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Treatments – Emergency Surgery

Laparoscopic adhesiolysis

A laparoscopy (keyhole surgery) is a minimally invasive procedure requiring a general anaesthetic. Adhesiolysis is the braking down of scar tissue (adhesions) inside the abdomen between loops of bowel. The scar tissue can cause chronic abdominal pain or intestinal blockage that can be identified and released with this procedure. The procedure takes place through small incisions on your abdomen, 0.5-1cm typical size, through which gas is inflated in order to create space and make internal organs easy to see. A tiny camera (laparoscope) is then inserted into the abdomen guiding the insertion of further specialised laparoscopic instruments which are used to inspect the organs inside the abdomen and brake down the adhesions.

Benefits of laparoscopic adhesiolysis

The benefits of a laparoscopic procedure compared to an open adhesiolysis:

  • patients have less discomfort following the procedure and return back to normal activities much faster,
  • reduced risk of bleeding and wound infections,
  • less risk of scarring inside the abdomen with the subsequent risk of bowel obstruction,
  • smaller abdominal scars offer a better cosmetic result.



After the procedure you will be taken to the recovery room. Laparoscopic adhesiolysis is normally requires an overnight stay in hospital but sometimes patients may need to spend a few days in hospital depending on any additional procedures performed. You are typically expected to go home once you are eating and drinking, are able to manage the pain and walk unaided and have passed some urine. You will be informed of the diagnosis and any follow-up arrangements. Recovery depends on whether any additional procedures are performed. If no additional procedures have been performed you should be able to return back to work within a few days. You should avoid any heavy object lifting or strenuous exercise for at least 6 weeks to reduce the risk of developing a hernia.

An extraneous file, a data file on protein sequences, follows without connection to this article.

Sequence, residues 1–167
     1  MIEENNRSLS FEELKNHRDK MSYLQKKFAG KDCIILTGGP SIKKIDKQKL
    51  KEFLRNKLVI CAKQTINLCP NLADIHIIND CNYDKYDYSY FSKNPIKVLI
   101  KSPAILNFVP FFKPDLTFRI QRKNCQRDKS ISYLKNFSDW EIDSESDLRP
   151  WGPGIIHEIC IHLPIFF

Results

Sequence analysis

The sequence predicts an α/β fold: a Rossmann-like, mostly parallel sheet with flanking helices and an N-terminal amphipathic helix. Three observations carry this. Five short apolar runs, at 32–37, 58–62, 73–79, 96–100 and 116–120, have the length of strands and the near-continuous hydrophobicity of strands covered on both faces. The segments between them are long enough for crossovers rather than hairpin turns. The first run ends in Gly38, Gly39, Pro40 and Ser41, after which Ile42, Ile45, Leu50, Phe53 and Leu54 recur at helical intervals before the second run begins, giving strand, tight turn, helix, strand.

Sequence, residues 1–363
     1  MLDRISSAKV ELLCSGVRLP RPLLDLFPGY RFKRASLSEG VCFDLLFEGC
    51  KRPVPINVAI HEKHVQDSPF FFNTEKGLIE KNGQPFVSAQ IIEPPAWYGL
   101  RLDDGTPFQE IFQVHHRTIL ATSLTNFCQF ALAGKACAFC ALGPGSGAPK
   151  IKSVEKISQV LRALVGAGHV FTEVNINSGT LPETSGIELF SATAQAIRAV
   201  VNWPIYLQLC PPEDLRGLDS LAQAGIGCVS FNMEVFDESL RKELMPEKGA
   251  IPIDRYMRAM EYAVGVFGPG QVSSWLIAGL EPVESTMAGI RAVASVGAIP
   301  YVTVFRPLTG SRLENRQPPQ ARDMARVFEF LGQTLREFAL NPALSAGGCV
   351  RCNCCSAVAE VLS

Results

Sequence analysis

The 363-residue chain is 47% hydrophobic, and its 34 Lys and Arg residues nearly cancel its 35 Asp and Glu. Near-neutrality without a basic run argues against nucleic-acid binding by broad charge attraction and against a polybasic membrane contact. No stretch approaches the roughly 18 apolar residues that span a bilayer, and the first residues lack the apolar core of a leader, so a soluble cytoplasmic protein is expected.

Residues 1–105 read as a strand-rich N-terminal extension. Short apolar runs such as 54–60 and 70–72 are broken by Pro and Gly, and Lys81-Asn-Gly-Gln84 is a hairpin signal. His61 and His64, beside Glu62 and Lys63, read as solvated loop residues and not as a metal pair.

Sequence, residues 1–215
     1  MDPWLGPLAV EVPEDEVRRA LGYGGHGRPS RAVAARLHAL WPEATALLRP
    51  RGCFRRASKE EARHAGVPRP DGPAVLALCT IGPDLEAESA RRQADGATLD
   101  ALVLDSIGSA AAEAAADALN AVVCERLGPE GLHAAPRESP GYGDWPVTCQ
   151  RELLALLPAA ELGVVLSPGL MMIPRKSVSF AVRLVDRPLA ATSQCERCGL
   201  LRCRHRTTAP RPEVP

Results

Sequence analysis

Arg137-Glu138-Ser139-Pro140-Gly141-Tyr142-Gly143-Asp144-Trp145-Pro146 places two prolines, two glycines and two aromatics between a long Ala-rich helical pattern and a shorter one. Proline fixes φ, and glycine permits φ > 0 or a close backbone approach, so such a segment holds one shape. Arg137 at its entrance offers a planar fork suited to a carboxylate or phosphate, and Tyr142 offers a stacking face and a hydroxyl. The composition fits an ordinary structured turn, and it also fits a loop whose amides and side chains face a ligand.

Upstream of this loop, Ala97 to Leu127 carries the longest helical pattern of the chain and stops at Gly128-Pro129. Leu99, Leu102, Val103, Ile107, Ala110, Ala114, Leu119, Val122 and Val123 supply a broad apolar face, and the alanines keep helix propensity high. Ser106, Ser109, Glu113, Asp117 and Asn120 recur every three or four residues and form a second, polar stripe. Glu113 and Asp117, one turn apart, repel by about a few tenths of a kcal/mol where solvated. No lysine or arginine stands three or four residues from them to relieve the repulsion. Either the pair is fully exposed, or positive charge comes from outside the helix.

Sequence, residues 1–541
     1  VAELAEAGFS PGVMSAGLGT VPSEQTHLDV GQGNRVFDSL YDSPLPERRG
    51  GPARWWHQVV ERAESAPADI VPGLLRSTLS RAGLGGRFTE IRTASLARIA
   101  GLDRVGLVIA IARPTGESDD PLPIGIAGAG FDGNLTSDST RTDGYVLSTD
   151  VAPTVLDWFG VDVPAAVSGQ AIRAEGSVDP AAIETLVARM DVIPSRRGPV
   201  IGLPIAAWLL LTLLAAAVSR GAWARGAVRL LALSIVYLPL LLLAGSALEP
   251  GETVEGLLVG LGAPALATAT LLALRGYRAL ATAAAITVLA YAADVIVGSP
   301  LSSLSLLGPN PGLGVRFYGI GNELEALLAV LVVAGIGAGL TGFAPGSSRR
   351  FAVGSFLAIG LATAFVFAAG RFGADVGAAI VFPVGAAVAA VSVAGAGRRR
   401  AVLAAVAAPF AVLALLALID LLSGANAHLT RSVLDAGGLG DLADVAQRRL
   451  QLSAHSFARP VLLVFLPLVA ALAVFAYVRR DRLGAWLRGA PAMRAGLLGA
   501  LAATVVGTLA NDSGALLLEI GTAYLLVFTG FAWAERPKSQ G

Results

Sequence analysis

Risks of procedure

If no additional procedures are performed the risks include complications common to all surgical procedures such as infection, bleeding, blood clots, heart problems, pneumonia, urinary retention, development of hernia, damage to intra-abdominal organs and anaesthetic risks. Complications specific to this procedure include the risk of damaging the bowel needing for a repair or sometimes removal of part of the bowel.

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The information relating to general and colorectal disorders and their treatments given on this website is not complete and is not intended as a substitute for a consultation with your doctor. Always seek medical advice from your doctor before making a decision about any of the conditions and/or treatments mentioned on this website.

© Dr Georgios Markides

Contact Information

You can always contact our Clinic for booking appointments and other useful information:

Dr. Georgios Markides,
Consultant General & Colorectal Surgeon

Aretaeio Hospital, 55-57 Andreas Avraamides Str., 2024 Strovolos, Nicosia, Cyprus


Hospital: +357-22-200300

Fax: +357-22-512372

[email protected]

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aretaeio hospital nicosia